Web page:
50 thoughts on “Whole Brain Teaching: The Basics”

  1. I have used Biffle's methods and adapted them to fit my personality and my students'. I work in a low income public school with 8th graders. This works WONDERS for classroom management and for note taking! Their retention on the subject matter is amazing! I also incorporate Pear Deck so that I get student feedback and check for understanding, it's been a powerful transformation in the classroom. I highly recommend Chris Biffle's book and easing your way into some of his methods- it just may surprise you.

  2. Look at how engaged the students are.  Remember its not what you TAUGHT its what the students LEARNED.  I think this is fun and a great way to learn.

  3. Anyone degrading the value of whole brain teaching should sit in a classroom that uses it and compare it to a classroom that doesn't use it. I can say from experience that teachers who do use it have WAY more involvement in the classroom during the instruction and the students are WAY more excited about learning. They love the interaction, the talking, the gestures and what have you. This technique really works and helps a lot of students who are normally quiet become more verbal.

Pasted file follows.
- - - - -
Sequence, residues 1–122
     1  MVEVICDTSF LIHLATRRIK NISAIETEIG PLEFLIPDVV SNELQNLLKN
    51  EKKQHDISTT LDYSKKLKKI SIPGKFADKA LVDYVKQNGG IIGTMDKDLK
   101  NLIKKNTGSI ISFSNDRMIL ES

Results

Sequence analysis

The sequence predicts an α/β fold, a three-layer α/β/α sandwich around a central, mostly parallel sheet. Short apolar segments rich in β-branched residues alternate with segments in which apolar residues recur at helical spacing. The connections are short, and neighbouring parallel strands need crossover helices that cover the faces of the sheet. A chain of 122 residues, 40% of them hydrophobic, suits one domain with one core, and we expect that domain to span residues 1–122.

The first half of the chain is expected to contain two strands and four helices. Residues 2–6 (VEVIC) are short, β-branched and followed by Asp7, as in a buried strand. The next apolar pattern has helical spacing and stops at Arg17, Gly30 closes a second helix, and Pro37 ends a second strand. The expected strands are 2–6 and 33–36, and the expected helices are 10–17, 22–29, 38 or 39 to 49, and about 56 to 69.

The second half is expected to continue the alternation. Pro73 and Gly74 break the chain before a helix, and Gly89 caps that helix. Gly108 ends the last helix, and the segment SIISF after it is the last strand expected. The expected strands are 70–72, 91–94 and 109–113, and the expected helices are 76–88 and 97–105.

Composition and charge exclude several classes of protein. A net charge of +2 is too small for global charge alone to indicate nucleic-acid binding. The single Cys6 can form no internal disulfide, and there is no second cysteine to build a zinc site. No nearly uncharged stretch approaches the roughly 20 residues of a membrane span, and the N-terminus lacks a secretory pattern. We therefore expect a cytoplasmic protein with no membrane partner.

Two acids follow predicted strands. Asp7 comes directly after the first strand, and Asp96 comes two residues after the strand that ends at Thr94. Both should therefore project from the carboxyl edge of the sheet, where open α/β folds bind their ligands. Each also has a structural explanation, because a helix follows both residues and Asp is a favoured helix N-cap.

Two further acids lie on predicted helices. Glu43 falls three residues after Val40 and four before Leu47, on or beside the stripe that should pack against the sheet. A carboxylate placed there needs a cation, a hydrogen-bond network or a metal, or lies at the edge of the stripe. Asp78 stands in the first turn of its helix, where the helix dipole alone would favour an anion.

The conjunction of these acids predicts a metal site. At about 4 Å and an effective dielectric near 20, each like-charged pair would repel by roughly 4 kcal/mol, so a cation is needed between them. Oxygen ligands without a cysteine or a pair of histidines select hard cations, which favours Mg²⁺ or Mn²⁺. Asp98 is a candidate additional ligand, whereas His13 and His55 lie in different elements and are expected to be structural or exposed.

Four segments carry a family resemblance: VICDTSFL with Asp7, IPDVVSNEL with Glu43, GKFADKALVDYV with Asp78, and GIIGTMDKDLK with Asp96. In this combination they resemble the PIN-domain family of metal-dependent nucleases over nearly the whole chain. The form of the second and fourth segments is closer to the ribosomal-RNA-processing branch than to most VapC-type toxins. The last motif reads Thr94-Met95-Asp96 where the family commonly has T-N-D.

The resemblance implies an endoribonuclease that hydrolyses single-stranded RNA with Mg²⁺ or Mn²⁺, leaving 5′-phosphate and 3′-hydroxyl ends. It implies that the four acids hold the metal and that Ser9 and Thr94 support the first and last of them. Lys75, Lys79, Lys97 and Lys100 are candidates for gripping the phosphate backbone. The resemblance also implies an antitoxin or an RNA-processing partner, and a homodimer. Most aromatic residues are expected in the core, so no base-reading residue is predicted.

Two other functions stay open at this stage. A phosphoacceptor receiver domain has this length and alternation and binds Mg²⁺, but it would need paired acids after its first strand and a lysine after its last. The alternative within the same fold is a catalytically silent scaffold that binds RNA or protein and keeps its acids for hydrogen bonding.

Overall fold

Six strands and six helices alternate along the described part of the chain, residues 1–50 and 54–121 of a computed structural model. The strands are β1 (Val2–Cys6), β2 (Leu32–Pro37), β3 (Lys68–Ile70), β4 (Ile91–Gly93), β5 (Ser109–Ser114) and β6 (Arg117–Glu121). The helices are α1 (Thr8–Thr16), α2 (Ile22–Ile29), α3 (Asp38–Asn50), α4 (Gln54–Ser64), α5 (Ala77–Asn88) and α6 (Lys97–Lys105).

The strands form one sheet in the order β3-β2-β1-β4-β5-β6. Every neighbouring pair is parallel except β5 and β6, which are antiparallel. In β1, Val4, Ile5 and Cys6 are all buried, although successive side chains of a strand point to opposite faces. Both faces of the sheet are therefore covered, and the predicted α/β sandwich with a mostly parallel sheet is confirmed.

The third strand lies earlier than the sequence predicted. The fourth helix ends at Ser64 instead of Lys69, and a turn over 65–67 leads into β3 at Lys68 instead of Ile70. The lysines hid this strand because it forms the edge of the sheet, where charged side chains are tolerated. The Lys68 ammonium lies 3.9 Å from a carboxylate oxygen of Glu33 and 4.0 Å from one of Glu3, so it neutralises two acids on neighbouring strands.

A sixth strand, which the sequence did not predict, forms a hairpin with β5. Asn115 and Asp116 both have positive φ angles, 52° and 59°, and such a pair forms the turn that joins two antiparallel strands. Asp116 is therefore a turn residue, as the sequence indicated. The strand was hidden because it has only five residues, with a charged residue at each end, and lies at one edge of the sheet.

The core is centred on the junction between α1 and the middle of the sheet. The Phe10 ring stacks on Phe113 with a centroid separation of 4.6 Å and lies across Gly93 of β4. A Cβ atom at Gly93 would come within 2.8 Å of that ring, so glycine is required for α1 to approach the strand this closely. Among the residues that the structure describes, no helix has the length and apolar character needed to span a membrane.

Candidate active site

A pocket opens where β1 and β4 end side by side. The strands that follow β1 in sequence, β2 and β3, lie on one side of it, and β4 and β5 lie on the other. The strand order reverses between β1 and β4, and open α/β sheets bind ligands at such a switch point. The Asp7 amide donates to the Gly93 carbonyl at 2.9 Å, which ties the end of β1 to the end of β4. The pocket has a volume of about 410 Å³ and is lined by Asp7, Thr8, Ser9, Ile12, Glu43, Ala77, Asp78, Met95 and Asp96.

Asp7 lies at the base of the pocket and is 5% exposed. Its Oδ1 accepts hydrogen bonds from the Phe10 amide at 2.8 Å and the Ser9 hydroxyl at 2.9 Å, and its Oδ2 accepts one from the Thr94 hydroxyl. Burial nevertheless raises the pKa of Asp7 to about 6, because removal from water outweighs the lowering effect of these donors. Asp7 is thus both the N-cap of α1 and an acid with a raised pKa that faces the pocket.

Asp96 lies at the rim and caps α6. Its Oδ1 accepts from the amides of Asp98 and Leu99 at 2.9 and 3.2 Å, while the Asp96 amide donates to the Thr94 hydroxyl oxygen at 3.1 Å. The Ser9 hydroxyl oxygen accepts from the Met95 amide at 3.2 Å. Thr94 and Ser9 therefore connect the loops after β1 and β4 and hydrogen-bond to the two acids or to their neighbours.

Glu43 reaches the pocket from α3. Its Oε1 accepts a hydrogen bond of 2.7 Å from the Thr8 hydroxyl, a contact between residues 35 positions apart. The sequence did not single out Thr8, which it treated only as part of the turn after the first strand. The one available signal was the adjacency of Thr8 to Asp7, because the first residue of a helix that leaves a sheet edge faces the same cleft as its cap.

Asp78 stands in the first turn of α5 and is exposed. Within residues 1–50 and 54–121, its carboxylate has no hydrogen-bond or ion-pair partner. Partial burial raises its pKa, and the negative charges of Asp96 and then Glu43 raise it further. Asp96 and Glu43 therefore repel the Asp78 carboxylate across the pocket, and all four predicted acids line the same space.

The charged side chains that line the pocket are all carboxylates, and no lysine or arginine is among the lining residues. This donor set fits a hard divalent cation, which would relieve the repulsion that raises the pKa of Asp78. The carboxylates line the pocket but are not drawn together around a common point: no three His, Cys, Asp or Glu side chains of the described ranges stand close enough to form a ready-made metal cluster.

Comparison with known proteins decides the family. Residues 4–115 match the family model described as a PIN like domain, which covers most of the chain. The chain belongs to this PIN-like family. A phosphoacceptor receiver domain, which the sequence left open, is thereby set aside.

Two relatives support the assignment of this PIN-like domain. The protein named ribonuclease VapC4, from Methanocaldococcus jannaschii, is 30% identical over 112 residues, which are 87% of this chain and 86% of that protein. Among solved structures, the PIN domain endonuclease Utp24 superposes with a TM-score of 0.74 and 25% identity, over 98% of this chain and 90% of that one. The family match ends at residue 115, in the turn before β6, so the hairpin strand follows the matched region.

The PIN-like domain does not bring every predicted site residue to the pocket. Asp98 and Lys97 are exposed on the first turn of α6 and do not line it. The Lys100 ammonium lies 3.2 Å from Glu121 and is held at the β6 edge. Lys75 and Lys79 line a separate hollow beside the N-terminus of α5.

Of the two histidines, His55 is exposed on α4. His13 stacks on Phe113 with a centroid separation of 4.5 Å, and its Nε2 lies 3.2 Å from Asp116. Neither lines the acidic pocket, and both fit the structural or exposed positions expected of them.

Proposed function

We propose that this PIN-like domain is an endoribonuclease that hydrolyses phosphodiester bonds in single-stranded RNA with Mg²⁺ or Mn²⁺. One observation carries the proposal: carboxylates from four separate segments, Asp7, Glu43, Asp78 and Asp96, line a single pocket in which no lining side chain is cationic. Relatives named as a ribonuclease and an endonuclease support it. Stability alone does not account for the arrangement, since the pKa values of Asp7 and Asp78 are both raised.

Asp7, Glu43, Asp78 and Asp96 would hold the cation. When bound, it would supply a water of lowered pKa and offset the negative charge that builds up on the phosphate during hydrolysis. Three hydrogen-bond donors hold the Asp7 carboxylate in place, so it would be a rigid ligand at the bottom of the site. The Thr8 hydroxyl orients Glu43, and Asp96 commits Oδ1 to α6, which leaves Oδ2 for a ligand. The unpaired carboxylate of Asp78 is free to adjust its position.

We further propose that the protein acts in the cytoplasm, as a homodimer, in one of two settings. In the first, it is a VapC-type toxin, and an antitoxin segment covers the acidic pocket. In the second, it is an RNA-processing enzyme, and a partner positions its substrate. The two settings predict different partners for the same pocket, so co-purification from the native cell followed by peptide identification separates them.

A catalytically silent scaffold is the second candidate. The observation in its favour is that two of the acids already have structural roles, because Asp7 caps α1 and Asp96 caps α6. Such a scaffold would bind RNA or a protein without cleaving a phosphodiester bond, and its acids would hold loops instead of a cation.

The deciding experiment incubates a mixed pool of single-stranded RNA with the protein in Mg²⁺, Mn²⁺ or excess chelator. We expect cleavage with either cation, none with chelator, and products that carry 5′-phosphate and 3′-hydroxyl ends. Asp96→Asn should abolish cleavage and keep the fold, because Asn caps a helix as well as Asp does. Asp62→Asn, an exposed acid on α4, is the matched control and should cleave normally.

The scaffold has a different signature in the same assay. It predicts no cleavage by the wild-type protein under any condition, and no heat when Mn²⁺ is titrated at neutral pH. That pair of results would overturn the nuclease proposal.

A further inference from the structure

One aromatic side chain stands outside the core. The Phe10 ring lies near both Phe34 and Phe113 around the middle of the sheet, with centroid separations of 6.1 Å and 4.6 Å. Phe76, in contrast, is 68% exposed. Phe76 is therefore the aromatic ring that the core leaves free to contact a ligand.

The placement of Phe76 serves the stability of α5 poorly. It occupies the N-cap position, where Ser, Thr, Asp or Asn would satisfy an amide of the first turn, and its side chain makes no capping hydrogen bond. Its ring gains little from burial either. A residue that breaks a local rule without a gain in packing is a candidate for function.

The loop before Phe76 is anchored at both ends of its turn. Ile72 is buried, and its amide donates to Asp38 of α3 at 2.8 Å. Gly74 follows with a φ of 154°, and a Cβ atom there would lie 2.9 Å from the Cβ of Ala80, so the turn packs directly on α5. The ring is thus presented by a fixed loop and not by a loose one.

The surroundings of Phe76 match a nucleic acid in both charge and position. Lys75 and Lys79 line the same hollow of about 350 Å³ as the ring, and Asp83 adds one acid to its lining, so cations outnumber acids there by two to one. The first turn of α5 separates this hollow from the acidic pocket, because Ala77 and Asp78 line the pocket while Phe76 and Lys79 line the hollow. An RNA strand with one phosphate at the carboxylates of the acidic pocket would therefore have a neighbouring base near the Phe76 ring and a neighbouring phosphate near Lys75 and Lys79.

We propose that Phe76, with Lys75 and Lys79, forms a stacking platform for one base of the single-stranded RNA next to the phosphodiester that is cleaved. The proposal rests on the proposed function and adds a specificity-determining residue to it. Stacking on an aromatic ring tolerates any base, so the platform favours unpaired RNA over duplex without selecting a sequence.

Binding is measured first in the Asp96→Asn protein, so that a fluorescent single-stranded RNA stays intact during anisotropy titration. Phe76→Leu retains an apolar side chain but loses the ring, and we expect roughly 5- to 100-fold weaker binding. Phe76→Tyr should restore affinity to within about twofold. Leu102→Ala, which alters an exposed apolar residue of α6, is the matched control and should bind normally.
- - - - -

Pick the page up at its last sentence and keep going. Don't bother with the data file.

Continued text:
4. Not this guy again! Can anyone suggest someone else that teaches whole brain learning, I watched a different tape of his. I was no impressed, nor will this be helpful to anyone who doesn't have someone teaching this way. I know that I don't like this type of learning, it feel very military to me. I am looking for a way to strengthen my brain with out, following the lead of someone. What I noticed in the other class, that I watched, the kids had to discuss with another kid what they learned, they did it so fast, that no one could really explain what they learned nor could the other person have a chance to hear it with all those people talking. I won't say that he doesn't have maybe some good ideas, but to me there is just too much junk to go through to find the diamonds in here, if there are any diamonds at all for an individual to use.

  5. I can't follow this at all, its complex like a dance routine, is my brain broken?
    Seems great for kinesthetic learners though! I do like it, its just super challenging.
    I might be able to incorporate it into homeschool teaching for my physically active younger kids… Great concept.

  6. this seems bit odd, as a college student on track to be a teacher we are being taught about how to use our objectives to get the students to use critical thinking… how does this get them any thing but memorization ? feel like this is more of a K-6 type of thing to get the attention of the class but as subjects get more complex and take more thought, how does this play in to that?